In an interesting unfair dismissal case that was heard recently, an employer was ordered to pay compensation of $28,313.41 to an employee who was found to have been unfairly dismissed.

As an overview, the employee worked at a mine site and was dismissed for intending to steal from the workplace. The employee had taken items from the workplace and put them in his car, to compare them with similar items he had previously bought online. These items were brought back to the usual workspace around 15 minutes later.

Without getting into too much overwhelming detail, the following summary can help employers understand how challenging these issues can be:

  • The original incident occurred in April 2020, with the decision not being made until 27 October 2020. That’s 6 months of potential stress and negotiations.
  • The employer was a large employer, with reasonable human resources capabilities.
  • There was no specific policy and procedure in place for the specific actions the employee took, however it was generally accepted that any employee who stole, or had an intention to steal, items from the return to store bench would be in breach of a range of policies and procedures.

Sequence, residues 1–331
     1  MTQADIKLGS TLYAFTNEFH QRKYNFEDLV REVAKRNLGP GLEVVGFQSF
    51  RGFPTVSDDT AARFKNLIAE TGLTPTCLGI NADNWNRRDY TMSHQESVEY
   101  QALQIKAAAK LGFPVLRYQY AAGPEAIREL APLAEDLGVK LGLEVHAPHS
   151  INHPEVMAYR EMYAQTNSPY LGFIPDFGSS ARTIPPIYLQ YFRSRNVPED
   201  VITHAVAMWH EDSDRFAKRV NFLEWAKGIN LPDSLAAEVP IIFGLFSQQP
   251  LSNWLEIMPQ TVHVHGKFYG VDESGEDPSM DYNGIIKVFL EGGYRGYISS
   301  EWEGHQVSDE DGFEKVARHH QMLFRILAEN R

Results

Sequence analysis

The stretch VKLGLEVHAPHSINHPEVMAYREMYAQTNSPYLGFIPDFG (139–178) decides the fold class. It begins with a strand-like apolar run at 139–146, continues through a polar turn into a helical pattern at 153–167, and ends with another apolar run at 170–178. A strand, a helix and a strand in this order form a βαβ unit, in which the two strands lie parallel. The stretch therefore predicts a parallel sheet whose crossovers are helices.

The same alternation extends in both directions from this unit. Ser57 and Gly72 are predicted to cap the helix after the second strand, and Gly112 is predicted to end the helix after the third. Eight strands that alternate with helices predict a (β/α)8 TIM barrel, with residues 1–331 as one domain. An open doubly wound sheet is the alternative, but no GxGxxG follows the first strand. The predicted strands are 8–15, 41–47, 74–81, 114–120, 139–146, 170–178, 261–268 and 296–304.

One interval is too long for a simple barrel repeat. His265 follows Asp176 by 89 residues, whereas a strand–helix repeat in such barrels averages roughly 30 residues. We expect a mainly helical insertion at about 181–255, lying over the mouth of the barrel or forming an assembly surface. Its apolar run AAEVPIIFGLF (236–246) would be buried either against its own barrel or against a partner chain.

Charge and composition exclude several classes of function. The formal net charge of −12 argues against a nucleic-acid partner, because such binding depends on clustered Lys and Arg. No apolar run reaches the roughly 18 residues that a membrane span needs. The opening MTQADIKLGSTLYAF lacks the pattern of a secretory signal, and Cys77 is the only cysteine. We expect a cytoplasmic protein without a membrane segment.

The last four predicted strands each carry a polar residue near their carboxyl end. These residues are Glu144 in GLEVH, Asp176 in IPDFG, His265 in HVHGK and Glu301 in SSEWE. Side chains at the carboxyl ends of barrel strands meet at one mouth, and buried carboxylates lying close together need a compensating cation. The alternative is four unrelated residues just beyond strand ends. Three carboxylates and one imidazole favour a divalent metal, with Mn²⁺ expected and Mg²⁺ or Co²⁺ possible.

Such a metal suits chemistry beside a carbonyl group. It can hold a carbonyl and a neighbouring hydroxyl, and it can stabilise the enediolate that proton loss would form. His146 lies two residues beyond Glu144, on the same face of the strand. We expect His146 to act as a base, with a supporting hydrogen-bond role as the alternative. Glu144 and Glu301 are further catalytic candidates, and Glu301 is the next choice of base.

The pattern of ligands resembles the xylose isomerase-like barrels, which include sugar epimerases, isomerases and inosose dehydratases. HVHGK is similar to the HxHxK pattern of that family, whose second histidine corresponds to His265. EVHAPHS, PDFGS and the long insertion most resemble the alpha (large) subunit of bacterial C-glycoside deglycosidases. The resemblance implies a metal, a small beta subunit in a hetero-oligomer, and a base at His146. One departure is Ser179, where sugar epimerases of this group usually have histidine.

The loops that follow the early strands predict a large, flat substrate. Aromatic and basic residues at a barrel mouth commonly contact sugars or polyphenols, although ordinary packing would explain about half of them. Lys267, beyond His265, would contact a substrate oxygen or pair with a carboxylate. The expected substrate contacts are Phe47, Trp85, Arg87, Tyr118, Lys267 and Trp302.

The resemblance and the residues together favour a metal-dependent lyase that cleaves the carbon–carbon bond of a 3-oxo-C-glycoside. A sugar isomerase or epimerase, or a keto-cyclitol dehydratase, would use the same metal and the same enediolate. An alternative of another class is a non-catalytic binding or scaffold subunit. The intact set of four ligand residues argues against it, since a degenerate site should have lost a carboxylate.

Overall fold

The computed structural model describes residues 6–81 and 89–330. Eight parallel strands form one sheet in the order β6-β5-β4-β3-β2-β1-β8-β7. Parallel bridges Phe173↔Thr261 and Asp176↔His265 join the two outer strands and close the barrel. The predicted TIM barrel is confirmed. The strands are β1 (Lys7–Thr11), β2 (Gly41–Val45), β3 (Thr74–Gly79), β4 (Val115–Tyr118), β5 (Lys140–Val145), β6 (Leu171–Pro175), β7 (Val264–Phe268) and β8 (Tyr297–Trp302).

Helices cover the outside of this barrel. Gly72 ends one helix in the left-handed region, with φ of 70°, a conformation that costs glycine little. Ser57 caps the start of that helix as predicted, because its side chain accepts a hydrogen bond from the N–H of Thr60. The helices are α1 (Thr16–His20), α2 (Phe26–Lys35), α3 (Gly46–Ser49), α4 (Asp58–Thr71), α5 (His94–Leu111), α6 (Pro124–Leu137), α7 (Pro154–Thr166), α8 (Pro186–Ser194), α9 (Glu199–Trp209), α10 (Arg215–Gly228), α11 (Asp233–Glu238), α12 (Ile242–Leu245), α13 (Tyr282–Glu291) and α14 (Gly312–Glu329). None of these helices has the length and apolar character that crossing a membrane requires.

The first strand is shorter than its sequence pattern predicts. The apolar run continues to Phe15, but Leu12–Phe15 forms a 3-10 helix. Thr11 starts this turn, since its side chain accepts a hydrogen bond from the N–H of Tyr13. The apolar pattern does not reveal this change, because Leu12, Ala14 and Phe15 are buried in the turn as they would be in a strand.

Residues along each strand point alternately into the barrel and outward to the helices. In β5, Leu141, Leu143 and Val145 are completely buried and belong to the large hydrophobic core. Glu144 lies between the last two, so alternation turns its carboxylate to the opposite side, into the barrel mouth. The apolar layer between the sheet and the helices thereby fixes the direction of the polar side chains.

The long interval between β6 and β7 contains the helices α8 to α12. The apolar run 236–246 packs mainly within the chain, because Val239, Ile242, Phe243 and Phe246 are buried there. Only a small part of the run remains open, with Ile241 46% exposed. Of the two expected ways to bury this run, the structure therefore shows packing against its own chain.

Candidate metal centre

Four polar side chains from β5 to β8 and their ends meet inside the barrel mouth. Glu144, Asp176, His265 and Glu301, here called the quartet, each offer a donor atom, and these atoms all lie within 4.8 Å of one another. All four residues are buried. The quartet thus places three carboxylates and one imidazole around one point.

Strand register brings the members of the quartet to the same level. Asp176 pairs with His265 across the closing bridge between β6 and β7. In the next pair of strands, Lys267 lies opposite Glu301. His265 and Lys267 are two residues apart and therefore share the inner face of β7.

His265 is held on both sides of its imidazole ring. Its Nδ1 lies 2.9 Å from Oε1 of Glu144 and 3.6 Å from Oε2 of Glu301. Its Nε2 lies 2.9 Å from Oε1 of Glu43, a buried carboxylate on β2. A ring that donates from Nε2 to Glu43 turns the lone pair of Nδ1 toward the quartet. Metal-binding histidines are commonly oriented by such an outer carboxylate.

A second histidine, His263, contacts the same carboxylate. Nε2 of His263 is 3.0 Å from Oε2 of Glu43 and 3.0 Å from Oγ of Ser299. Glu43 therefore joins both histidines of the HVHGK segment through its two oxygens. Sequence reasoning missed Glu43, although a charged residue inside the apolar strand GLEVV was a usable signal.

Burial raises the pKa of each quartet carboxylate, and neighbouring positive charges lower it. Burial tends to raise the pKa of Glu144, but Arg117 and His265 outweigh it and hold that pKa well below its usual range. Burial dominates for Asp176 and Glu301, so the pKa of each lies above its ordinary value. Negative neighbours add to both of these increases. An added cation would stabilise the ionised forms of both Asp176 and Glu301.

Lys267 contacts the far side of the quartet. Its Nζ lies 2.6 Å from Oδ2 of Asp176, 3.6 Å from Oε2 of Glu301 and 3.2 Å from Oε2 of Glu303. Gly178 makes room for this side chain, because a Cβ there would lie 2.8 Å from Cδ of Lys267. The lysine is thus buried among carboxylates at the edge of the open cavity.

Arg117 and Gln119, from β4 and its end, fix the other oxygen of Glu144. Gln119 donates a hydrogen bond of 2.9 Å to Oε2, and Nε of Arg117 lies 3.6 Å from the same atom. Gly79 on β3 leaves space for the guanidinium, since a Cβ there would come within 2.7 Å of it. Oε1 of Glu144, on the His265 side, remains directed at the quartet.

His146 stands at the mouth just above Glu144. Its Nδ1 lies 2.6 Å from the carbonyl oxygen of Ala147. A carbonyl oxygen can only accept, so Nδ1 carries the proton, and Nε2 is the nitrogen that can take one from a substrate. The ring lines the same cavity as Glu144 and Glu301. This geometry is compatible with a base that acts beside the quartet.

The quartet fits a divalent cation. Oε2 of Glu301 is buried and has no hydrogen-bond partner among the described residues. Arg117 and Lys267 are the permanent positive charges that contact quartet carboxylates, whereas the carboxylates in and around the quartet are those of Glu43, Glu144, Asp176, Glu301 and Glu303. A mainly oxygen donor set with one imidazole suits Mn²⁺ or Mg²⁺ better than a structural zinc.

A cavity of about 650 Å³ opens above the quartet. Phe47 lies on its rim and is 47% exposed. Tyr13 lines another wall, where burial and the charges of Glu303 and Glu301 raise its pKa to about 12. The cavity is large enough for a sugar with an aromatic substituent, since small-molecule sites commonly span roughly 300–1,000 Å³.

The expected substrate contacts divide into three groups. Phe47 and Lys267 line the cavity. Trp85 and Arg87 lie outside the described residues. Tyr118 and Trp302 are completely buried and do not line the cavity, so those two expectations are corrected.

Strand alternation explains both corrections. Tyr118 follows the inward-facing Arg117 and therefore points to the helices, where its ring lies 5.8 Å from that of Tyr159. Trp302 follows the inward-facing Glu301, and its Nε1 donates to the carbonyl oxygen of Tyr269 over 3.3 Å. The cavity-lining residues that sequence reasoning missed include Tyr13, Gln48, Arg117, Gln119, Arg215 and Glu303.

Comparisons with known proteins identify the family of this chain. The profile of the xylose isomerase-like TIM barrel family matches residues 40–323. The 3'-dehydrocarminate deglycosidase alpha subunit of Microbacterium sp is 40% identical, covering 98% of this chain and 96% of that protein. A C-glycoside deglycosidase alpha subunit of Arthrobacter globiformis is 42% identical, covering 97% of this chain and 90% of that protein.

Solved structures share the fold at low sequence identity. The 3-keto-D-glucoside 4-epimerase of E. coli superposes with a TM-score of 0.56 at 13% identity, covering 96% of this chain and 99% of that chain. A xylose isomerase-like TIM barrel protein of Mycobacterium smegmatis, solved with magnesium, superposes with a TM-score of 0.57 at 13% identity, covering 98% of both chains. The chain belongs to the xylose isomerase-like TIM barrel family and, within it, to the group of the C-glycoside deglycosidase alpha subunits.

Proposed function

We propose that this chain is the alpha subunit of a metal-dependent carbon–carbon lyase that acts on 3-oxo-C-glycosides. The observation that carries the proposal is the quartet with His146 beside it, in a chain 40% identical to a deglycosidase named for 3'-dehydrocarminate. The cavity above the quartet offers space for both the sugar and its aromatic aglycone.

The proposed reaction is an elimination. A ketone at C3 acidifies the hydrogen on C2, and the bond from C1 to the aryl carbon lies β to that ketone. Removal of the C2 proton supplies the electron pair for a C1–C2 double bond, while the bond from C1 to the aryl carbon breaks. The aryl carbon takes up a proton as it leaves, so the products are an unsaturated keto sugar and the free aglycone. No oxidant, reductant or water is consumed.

• The employer did investigate the incident; however;
  • The employer relied on the written opinions of witnesses and what the witnesses believed the employee ‘should have’ done in that scenario, rather than on the statement made by the employee.
  • The employee stated in the investigation that one of the witnesses ‘had it in for him’.
  • The employee had been employed for over 10 years and had not been accused of stealing during this time, until the incident in April.
  • Despite there being other performance issues, the Fair Work Commission found that the dismissal was harsh, unjust and unreasonable, as it was accepted after reviewing the evidence, that the employee DID NOT intend to steal the items.
  • The amount determined to be paid as compensation by the Fair Work Commission took into account the likelihood of the employee only remaining with this employer for another 4 months; and the period of unemployment before finding a new position at a much lower pay rate (after applying for over 60 jobs).

Despite the process and investigation by the employer, the dismissal was found to be harsh, unjust and unreasonable. In this case, it seems possible the employer relied too much on the witness statements. Given the previous issues on other sites, unrelated to potential stealing, perhaps the investigators had clouded judgement against the employee.

For employers, the lesson from this case is that it’s important to be open-minded and clear about the issue at hand when it comes to investigating potential dismissal issues.

Need help with your employment matters? Talk to the Workplace Central team ASAP!

 

*This is general information only and doesn’t take your specific circumstances into account.